Lynne Twist is the author of The Soul of Money and co-founder of the Pachamama Alliance…


Link to Audio

This conversation weaves together various themes explored in my online course, Living in the Gift:

Charles Eisenstein: Hi Lynne. Here I’m with Lynne Twist, dear friend and one of the founders of the Pachamama Alliance and many, many other things. If you want you can read her bio, I’ll probably put that on the website. First, thank you for taking the time Lynne.

Lynne Twist: My pleasure. It’s always a joy to talk to you Charles Eisenstein, always provocative, interesting, insightful and fun. Thank you for inviting me.

C.E.: I guess maybe I’ll start by asking you, what was it that sent you off the deep end so to speak? Your life path is not ordinary. You’re known in the fields of philanthropy, fundraising, I think you were the founder of The Hunger Project or something, but you were really deeply involved in that. What took you out of what I call “the old story” of wealth maximization, you know: the normal life? Did something happen to you?

L.T.: (Laughs) Yes, but I’m not sure how to talk about it exactly, but yes. I think something happened to me. Anyway, I sort of did, I was sort of on that path. I’ll just say my husband Bill… when I got married I went to Stanford and I married my hero and he went to business school and he was number one at business school. A brilliant guy, he still is. I’ve been married to him for 52 years so it worked out great. When he was graduating business school he was recruited because he was the number one guy at his business school, North Western Business School, by all these companies in New York and Boston and San Francisco and L.A. and stuff and I remember thinking then, “is this what we’re going to do? Are we going to do this thing where you just do everything you can to make as much money as possible?” I remember questioning it right at the beginning when I could see that that path was available to us. But it was kind of what everyone was doing so I questioned it, but then I just questioned myself thinking there was something wrong with me that I was questioning that.

So I kind of put that to bed and then he did get a really fabulous opportunity in San Francisco and that’s where we wanted to live etcetera, but I think the thing that happened to me is the EST Training. That really rocked my world. Everybody doesn’t need to take the EST Training to have this kind of thing happen to them, but to me there was something about that program that just totally broke my life open. At that time it was 1974 and it was harsh the EST Training. It was like being knocked over the head with a two by four, it wasn’t gentle. There was a lot of yelling and I think probably because people were so unconscious, I was one of them who was unconscious, and it got a terrible reputation of being a cult and being harsh, people couldn’t go to the bathroom and all that stuff. I can just report as a person who went through that that it worked! Perfectly for me and I woke up out of keeping up with the Joneses trying to be somebody I wasn’t. I really realized, “oh I’m just totally caught in what I would now call a trance. It’s just not consistent with who I want to be or what I want to do with my life.”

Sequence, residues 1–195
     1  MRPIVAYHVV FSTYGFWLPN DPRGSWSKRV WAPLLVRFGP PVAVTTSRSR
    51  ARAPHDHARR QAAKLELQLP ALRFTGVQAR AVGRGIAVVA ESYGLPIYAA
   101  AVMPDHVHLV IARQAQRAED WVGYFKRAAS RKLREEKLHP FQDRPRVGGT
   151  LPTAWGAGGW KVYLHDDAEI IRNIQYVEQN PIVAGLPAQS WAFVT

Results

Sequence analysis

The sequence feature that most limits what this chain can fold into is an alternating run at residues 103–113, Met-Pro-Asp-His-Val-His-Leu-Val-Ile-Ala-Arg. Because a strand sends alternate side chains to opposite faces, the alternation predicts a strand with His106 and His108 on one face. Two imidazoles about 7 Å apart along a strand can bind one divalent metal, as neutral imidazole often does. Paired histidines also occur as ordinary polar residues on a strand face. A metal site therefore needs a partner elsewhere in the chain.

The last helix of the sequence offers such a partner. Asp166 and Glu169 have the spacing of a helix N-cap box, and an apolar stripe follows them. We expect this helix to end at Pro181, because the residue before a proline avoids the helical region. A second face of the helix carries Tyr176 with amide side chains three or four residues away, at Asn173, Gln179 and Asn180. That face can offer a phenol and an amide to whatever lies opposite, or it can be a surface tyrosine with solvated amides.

I took it before Bill. He signed up then he backed out, “nah, you go first. Let’s see what this thing is all about.” I was so awakened by it I’ll say. I was going to say changed, but I don’t think that’s really what happened. I just got aware then he realized, “oh I’d better go take this thing.” Then he took it and we got involved with a consciousness movement you might say or human potential movement I don’t really know if those terms apply to both of us, but we really realized this was the real deal. There’s another way of looking at life. We took a lot of those programs and we got involved with Werner Erhard who was the founder, in my view is still my… you know how Buddhist people talk about their root teacher; well he’s definitely my root teacher. I mean that guy is just brilliant. There are all kinds of stories about him, but when it comes right down to it the number of people whose live he totally transformed as a result of his work is just astronomical.

I got very involved, I started to work for EST and I had little kids so it was completely inconvenient because the EST staff at that time people worked all night. It was probably like being in a start up now, you work 24/7 and everyone was single except for me. Nobody had kids and I made a special arrangement with the organization, with Werner, to work nine to three because I had little kids, but then I couldn’t stop. I was obsessed. It was almost like a… you know, it was so heady and I really got into it. This is in my book The Soul of Money, but The Hunger Project then was the next level of that and

The Hunger Project really began in many ways because myself and another friend who was working for EST at the time we had this insight; if Buckminster Fuller met Werner Erhard something amazing would happen. So we, through a series of circumstances, arranged for them to meet and out of their conversations, and we were huge Bucky fans, Buckiphiles, Buckminster Fuller hung lung and we thought Werner was the most brilliant person alive and when we put those two people together what happened was The Hunger Project, our commitment to end world hunger. When that was communicated for the first time by Werner when he shared very publicly in a meeting I was in, “I’m taking a stand to end world hunger. It may not happen in my lifetime, but I’m going to put my heart and soul and my commitment behind ending world hunger.”